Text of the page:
Madweave Foldover Clutch Tutorial

on March 4 | in Sewing Tutorials + Patterns | by | with 6 Comments

Tara J. Curtis uses special weaving techniques and the tool she created, the Tjaye Fabric Weaving Needle, to create beautiful items with fabric. Tara showed us how to make the Woven Chevron Pillow earlier this month, and now she has her original design for the Madweave Foldover Clutch featuring a classic tumbling blocks design. The weaving gives this bag such a lovely, unique look!

Find the Tjaye Fabric Weaving Needle in Tara’s Etsy shop and lots of additional weaving tutorials on her site. Tara is also a regular on Instagram @t_jaye (#modernweaving #fabricweaving).

You can find videos showing Tara putting together a tumbling blocks weave design here and here. They’re helpful supplemental visuals as you work to create this beautiful, woven foldover clutch!


I first began fabric weaving for the Bound to Create the Perfect Bag Challenge by Art Gallery Fabrics in October 2015. I taught myself how to do a madweave design called tumbling blocks in order to create a foldover clutch.

Made with fat quarters from the April Rhodes Bound fabric collection and upcycled denim, the Madweave Foldover Clutch is perfect for every day. When Alison Glass’ Handcrafted2 for Andover Fabrics came out, I knew I needed to make another with some slight variations. This pattern works great with an orphan block, some fat quarters and old denim!

All seams are ½” unless otherwise indicated.

Fabric:

  • 6 fat quarters (2 dark, 2 medium, 2 light) for the tumbling blocks weave
  • 2 light colored fat quarters for the lining + (optional) pocket
  • 1 fat quarter for the quilted side, or an orphan block made to measure at least 15.5” x 16.5”
  • One pant leg from an old pair of jeans

Interfacing:

  • 15” x 16” piece of lightweight woven
  • 16” x 17” piece of fusible fleece

Supplies:

  • ½” foam board or large piece of cardboard
  • Pins
  • 1” bias tape maker (optional)
  • 1” Tjaye Fabric Weaving Needle (You may also try using a yarn needle– take care not to poke through the interfacing– or a safety pin.)
  • 14” zipper
  • (2) 1” D-rings
  • 1” Slider for adjustable straps
  • Thread
  • Sewing Machine
  • Scissors
  • Ruler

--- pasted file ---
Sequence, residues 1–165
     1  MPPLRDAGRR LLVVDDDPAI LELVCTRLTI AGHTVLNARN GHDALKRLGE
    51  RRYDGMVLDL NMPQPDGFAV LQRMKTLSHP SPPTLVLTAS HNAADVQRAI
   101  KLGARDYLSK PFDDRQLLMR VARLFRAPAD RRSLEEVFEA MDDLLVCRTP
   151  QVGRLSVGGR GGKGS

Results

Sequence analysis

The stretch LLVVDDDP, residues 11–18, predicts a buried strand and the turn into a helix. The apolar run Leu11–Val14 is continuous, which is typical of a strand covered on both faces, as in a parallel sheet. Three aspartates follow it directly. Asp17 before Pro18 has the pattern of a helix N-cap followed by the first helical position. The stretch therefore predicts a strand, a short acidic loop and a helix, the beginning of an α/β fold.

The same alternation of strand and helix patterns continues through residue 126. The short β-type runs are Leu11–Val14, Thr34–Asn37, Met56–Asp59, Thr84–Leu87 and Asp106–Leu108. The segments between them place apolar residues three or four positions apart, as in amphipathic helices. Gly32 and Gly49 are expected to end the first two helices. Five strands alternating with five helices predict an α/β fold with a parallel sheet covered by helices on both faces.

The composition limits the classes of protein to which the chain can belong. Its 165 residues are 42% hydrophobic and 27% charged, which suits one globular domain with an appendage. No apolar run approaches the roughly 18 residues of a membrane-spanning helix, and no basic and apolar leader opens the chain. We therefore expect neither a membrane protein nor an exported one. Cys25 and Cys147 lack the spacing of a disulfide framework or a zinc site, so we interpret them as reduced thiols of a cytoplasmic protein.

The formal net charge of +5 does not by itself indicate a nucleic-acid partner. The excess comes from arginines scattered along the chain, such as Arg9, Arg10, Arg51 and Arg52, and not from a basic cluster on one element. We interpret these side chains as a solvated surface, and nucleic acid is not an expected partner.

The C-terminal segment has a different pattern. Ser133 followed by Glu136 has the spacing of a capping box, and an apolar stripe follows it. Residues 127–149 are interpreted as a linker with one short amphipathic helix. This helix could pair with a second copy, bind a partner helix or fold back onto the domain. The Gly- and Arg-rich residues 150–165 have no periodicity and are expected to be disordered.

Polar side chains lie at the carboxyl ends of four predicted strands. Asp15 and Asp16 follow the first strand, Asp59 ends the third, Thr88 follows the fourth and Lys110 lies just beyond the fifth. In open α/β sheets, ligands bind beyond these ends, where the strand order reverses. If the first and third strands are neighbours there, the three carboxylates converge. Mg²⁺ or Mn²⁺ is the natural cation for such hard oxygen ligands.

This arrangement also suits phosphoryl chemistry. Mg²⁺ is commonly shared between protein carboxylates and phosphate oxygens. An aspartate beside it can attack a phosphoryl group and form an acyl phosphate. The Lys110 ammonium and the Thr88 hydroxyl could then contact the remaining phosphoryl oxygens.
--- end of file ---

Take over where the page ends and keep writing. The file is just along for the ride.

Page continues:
• Cutting Mat
  • Iron + Ironing Board

Cutting for the Tumbling Blocks Weave:
First choose which color grade will be your vertical strips (light, medium, or dark), then:
– From two vertical strip fat quarters, cut widthwise to get (17) 2” x 18” strips.
– From four diagonal strip fat quarters, cut lengthwise to get (36) 2” x 18.5” strips.

Cutting for the Quilted Side:
– If using a fat quarter, cut it to 15.5” x 16.5” first.

Lining:
– Cut two 15” x 16” rectangles from your light colored lining fabric.
– You can use the leftovers to cut two 6” x 7” rectangles for an optional pocket.

Prepping the Strips for Weaving:
Place the strips wrong side up on the ironing board. Using either a 1” bias tape maker or your fingers, fold the sides of the strip so that they meet in the middle and press. Repeat until all strips are folded and pressed in this way.

Weaving:
First pin a piece of interfacing to the foam board, bumpy side up, and pin in place.

First Layer: Pin your vertical strips in a row, ensuring they are straight. This is your first layer.

Next, begin weaving in your second layer. Start on the right, and work at a 30 degree angle. The sequence for your second layer is over one, under two. Begin this sequence on the first vertical strip on the right by weaving the diagonal strip over that first vertical strip, under the next two vertical strips, over the fourth strip, under two, repeating… Pin your strip at both ends to secure it.

With the next second diagonal strip, you will start above the first diagonal strip by weaving it under the first vertical strip, over the second vertical strip, and under the next two, over one, under two, repeating… Pin the strip at both ends.